The initial metabolic and genetic tests were normal except for mildly elevated uric acid in the sister and the brother with a balanced translocation 46,XY,t(11;15)(p15.1;q22.1). This translocation did not explain his condition because his unaffected mother carried the same translocation while his affected sister did not.

Whole exome sequencing demonstrated a homozygous pathogenic variant in the TMCO1 gene (c.340C>T/p.Arg.114* in exon 3, rs765824628) in the siblings, found in the heterozygous state in the mother. The father is deceased and therefore could not be tested. Data on the coordinates, allele frequency and in silico prediction of this novel variant are found on Table 1.

Table 1

Information regarding novel mutation

Chromosomal location (GRCh37/hg19)cDNA change (NM_019026.4)Protein change (NP_061899.2)Frequency (gnomAD)In silico prediction CADD [11]

A composite image of unaffected controls versus that of patients can be found in Fig. 2A, B. Facial recognition analysis allowed for the discrimination of patients with TMCO1 vs controls, with an AUC of 0.999 (100% accuracy, p value 0.000, see Fig. 2C, D).


A: Composite photo created by averaging the extracted mathematical information of the photos in the control cohort. B: Composite photo obtained from images of patients with TMCO1 mutations. C: Score distribution of the binary comparison between unaffected controls and patients with TMCO1 mutations. D: ROC curve with pertinent statistics obtained after conducting 10 random splits.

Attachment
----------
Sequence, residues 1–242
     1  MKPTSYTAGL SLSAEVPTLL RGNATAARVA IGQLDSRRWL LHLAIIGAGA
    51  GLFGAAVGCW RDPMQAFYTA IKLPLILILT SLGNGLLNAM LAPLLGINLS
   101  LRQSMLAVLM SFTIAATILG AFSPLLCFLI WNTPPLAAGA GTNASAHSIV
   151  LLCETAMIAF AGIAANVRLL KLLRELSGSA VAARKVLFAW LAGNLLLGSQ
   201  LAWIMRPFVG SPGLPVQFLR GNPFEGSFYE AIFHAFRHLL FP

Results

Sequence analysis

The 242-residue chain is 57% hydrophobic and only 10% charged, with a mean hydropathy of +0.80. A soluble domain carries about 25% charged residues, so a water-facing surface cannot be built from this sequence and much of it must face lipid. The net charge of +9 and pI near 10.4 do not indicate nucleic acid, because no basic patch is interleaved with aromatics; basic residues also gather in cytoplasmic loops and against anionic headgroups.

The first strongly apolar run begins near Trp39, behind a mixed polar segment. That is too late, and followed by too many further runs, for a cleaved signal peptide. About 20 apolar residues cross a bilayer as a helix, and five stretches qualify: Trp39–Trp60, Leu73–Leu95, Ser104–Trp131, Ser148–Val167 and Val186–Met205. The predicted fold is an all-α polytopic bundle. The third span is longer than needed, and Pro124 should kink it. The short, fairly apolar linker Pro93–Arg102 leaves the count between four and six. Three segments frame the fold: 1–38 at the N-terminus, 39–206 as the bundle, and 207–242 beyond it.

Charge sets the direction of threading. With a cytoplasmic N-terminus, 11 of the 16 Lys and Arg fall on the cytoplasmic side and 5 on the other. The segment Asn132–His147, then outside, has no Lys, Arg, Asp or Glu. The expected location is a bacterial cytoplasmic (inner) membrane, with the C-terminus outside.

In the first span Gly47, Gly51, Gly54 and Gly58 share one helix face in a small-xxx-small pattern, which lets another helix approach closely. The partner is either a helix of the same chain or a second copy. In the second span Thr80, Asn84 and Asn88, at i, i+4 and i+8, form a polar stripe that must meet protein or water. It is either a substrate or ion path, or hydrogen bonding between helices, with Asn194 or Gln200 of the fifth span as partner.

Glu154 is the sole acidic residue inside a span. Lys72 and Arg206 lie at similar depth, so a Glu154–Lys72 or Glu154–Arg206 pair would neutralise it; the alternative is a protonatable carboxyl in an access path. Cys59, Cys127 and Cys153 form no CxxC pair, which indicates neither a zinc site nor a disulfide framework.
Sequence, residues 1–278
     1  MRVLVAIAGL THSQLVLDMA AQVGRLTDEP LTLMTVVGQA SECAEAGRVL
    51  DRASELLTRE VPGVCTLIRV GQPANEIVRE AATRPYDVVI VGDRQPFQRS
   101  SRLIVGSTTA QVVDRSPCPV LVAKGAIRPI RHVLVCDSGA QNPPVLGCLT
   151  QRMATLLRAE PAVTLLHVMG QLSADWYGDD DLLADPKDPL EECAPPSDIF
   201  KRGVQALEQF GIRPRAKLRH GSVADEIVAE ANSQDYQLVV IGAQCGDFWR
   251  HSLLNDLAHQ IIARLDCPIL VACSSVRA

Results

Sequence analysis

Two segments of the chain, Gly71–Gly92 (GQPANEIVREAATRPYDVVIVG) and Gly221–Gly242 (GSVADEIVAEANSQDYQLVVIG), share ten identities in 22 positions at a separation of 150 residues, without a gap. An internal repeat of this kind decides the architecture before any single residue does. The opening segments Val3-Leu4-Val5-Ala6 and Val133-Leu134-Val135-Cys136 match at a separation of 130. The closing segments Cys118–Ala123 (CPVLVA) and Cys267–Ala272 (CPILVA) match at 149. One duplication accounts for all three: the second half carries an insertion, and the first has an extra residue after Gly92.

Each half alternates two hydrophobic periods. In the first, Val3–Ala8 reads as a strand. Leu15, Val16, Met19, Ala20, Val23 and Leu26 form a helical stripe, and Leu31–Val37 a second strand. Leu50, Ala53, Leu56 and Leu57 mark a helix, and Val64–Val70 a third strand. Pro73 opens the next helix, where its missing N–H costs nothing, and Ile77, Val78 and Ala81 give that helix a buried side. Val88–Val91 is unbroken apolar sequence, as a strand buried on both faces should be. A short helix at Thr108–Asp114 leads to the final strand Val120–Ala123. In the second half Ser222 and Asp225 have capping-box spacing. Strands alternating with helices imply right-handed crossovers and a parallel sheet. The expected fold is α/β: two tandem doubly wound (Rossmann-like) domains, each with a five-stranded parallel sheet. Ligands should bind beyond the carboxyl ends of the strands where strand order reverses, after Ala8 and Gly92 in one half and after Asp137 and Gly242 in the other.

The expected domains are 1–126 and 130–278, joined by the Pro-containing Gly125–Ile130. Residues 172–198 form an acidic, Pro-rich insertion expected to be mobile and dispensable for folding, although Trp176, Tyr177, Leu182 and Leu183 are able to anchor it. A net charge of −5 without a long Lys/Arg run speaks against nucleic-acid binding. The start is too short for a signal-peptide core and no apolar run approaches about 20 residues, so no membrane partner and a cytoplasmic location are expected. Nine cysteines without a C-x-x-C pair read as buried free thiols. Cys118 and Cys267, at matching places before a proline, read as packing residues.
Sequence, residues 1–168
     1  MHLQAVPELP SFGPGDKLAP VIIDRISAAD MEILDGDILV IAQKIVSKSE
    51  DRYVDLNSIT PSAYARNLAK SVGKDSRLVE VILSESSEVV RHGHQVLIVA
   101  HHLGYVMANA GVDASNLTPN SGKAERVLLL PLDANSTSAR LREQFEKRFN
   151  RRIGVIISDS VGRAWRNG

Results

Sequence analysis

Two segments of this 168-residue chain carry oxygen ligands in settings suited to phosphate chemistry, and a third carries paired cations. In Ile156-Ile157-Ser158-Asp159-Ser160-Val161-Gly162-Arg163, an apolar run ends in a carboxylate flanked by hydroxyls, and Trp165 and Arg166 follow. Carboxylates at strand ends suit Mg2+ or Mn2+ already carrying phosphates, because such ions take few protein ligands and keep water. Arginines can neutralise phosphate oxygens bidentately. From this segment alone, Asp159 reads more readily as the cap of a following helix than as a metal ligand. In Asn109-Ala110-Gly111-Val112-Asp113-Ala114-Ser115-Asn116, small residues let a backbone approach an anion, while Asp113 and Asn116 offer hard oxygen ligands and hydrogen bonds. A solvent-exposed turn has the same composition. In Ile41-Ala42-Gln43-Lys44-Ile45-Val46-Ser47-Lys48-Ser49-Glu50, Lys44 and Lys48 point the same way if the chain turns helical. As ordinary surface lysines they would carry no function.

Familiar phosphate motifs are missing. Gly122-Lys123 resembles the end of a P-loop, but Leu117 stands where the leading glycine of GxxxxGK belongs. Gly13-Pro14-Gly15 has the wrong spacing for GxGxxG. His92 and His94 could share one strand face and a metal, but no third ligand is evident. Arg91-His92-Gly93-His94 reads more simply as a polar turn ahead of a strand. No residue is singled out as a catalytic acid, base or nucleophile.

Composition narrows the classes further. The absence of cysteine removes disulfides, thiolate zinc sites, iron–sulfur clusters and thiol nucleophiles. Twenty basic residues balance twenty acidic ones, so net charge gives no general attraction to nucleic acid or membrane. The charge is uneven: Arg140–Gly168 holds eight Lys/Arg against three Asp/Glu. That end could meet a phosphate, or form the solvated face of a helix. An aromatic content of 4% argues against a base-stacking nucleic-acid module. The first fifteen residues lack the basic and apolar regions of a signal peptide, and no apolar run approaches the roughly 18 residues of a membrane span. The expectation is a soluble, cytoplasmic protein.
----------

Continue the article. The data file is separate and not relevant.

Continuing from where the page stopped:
A: Composite photo created by averaging the extracted mathematical information of the photos in the control cohort. B: Composite photo obtained from images of patients with TMCO1 mutations. C: Score distribution of the binary comparison between unaffected controls and patients with TMCO1 mutations. D: ROC curve with pertinent statistics obtained after conducting 10 random splits.


With advancements in genetics, CFTD has now been linked to TMCO1 defect syndrome. Two siblings with similar phenotypic features and consistent with CFTD were found by whole genome sequencing to have a novel homozygous p.Arg114* pathogenic variant in the TMCO1 gene.

These siblings shared features previously described in other CFTD/TMCO1 defect syndrome patients. Both have severe cognitive impairment, low insertion of anterior hairline, exotropia, feeding difficulties, gingival hyperplasia, central and axial hypotonia, optic nerve atrophy and exotropia. The sister also has synophrys, hypogenesis of the corpus callosum while the brother has rib fusion, cleft lip/palate, self-mutilation and club foot. Both patients have autism spectrum disorder (ASD) with poor eye contact and motor stereotypies. Although ASD has not been previously described in CFTD patients, Pascual-Castroviejo did comment that one of his patients at 7.5 years “showed little interest in toys or in playing with other children. Her speech was still limited to a few words.” This patient, in retrospect, may have had ASD.